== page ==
The summer he learned to drive, long before he became president of Maker’s Mark and godfather of the bourbon business, Bill Samuels Jr. became something of the first employee of Harland Sanders, a man now known to the fried-chicken-eating world as The Colonel.

“June 1, I had just got my driver’s license,” Samuels later recounted. “And whoaaa, I was excited.”

When he drove home that day, he encountered Sanders, a family friend and gin rummy partner to Samuels Sr. The Colonel had stopped in for the night while scouting the towns of central Kentucky for new business partners. Sanders asked young Samuels what his plans for the summer were.

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The short answer was work. In the Samuels’ household, the end of the school year and the beginning of summer meant that he would soon be mowing lawns and painting fences in the heat.

That day, however, Sanders made him an offer that would grant him reprieve from those mundane, allegedly character-building chores. Samuels could drive him around, The Colonel said, and be his assistant as he traveled the length and width of Appalachia.

Earlier that year, Sanders had shut down his locally beloved fried chicken cafe in Corbin, Ky. The route of the new Interstate Highway System bypassed his kitchen, reducing his life’s work into a property on a neglected road sold for a loss at auction.

Rather than retire, Sanders took his famous fried chicken recipe and hit the road looking for family restaurants that might add his chicken to their menus. Samuels accepted The Colonel’s offer and, though Sanders never actually paid him a dollar, for a short while the young spring chicken was put under his master’s wing. Samuels learned the dark art of salesmanship and small talk from one of its most legendary practitioners.

What Samuels saw riding shotgun with Sanders would not only amount to lessons in strategic schmoozing of the old-boy variety, it offered total immersion into the timeless and wholly irrational tradition of specialized craft.

Pappy Van Winkle served Bill Samuels Jr. his first drink. A few years later, Harland Sanders took teenaged Samuels under his wing. Credit:

Several decades later, an old photograph of Harland Sanders grinning in a white suit in front of a Kentucky Fried Chicken is one among dozens of antiques and artifacts inside the handsome, mahogany conference room at the Maker’s Mark distillery in Loretto, Ky.

Without even trying, these assorted heirlooms delineate an intimate league of Kentucky craftsmen. Their work created national icons — horses into thoroughbreds, maple and ash into Louisville Sluggers, fried chicken into KFC, and whiskey into Kentucky bourbon.

“My grandfather’s best friend was Jim Beam,” Samuels tells me. “Pappy [Van Winkle] gave me my first drink as a 12-year-old.” He believes this community of “tinkerers” helped develop his father’s taste and vision.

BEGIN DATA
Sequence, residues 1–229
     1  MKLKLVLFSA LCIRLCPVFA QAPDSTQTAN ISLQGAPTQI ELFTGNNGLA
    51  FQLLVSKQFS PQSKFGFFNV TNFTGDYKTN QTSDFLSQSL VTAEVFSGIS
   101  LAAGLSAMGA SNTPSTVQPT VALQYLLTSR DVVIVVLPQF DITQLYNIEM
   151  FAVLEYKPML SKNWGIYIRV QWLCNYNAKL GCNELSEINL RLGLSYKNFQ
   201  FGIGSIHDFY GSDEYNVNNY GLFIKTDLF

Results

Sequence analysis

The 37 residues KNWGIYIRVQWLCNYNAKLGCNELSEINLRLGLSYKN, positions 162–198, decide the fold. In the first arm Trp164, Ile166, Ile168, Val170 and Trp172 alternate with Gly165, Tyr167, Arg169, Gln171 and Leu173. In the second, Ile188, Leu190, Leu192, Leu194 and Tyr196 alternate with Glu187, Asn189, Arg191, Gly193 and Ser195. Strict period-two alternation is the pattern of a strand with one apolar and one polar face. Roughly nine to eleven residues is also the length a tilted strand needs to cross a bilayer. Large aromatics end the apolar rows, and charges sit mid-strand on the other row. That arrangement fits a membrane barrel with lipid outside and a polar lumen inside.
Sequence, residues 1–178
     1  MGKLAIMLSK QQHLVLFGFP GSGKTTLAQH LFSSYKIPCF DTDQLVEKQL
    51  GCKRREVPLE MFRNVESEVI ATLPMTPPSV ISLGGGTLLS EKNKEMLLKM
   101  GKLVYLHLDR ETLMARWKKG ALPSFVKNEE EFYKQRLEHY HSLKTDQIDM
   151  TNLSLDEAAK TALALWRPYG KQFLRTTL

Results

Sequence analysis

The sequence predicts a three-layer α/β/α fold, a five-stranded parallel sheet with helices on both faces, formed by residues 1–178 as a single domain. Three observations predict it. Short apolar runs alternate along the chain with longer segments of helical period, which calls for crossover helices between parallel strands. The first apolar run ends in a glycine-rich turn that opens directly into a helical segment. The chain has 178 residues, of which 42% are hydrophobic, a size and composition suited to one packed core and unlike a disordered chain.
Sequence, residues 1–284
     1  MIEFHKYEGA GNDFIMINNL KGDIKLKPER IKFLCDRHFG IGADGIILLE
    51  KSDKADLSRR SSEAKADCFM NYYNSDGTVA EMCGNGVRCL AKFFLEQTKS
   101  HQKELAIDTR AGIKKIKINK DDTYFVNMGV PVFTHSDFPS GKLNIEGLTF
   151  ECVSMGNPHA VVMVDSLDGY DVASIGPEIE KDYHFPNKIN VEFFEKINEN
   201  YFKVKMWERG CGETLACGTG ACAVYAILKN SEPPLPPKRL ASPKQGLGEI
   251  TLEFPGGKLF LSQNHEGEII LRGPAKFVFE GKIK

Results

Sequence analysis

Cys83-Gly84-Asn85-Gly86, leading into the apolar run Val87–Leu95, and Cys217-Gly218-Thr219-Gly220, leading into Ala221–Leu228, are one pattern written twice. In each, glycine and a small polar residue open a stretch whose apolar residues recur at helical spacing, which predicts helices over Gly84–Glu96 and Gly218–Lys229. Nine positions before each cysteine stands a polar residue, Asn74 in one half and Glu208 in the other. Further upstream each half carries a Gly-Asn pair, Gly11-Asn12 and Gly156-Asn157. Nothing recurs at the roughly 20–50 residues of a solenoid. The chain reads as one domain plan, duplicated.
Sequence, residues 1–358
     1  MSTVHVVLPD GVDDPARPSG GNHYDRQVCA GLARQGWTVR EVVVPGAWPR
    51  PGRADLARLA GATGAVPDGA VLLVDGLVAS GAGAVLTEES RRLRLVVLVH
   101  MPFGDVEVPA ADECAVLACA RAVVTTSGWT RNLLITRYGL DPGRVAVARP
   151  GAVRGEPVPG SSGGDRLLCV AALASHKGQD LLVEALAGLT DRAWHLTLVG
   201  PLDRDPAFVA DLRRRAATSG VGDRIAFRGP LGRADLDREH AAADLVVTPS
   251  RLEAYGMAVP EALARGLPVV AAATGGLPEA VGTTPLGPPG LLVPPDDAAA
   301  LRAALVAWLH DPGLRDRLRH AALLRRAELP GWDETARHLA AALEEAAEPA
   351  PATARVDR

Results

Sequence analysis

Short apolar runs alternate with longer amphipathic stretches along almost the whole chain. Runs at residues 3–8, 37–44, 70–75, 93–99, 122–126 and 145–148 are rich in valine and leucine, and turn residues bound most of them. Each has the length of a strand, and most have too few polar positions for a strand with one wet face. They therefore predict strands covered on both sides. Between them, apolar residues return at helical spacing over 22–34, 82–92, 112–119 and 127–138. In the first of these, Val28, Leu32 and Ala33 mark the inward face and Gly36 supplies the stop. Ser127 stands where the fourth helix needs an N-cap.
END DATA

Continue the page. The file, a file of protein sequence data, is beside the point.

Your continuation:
“What is it about Kentucky?” he wondered aloud. “Now, I can’t speak with authority really outside of bourbon. I did have the good fortune of knowing a lot of these people, I lived next to ‘em, and I did know Colonel Sanders pretty well and loved him. Tinkering was a big piece of it, and you know you can always look back and connect dots. It’s hard as hell to look forward and connect ‘em. The common thread, looking back, is that they were all craftsmen, they were all focused on product. And if you ask ‘em about a marketing strategy, they would say, ‘Well, if we make shit that tastes good…’”

That was The Colonel’s guiding truth, Samuels explained. It had also been the philosophy behind Maker’s Mark.

“Dad had no commercial sense at all,” he went on. “It was all about what’s inside the bottle. Matter of fact, most of the fights that mom and dad had were over the fact that he was going to bankrupt ‘em because the stuff was just gonna stay in the barrel and hadn’t given much thought to commercializing it. So he was probably the purest non-entrepreneur to ever create an industry.”

The Samuels family can trace its Kentucky and booze-fiddling roots back centuries, but for Bill Jr., the expertise had really started with his father. “He went off to do one thing, which was make better whiskey than his ancestors did,” Samuels explained. “’Cause we came to Kentucky with my five-great-grandfather’s 60-gallon copper still from Pennsylvania. My four-great-grandfather mustered out of the Revolution … took his father’s still, came to Kentucky. That’s what we started with and that was 1784. And we made shitty whiskey for the next 170 years. Made a living at it!”

To this day, Samuels attributes the early successes of both Maker’s Mark and Kentucky Fried Chicken to the quixotic (and perhaps pathological) devotion to keeping the sanctity of their products intact. In his travels with Sanders, he would repeatedly see The Colonel’s supernatural wrath upon any cook or mom-and-pop operator who dared to screw with his recipe.

After one monumental scolding, young Samuels confronted Sanders about his temper. “Matter of fact, I fussed at him,” Samuels said. “Can you imagine this 16-year-old, fussin’ at the guy who, in five years, was gonna be the most famous living person in the world? I told him, ‘I thought that was a little over the top.’”

The Colonel got outraged, Samuels recalled. “He said, ‘It wasn’t neither.’ And I said, ‘How come?’ He said, ‘Well, we won’t have to do it again.’”

“And the word got out: Don’t fuck with The Colonel’s process. … ‘Cause he was a true maniac for doing it right. And I always respected that. I’d say that was the main learning from him for me.”

In the 1970s, Samuels took over Maker’s Mark and shepherded it through the unprecedented whiskey boom before retiring an industry legend in 2011. Prior to relinquishing charge, Samuels’ father had delivered him one imperative: Don’t screw up the whiskey.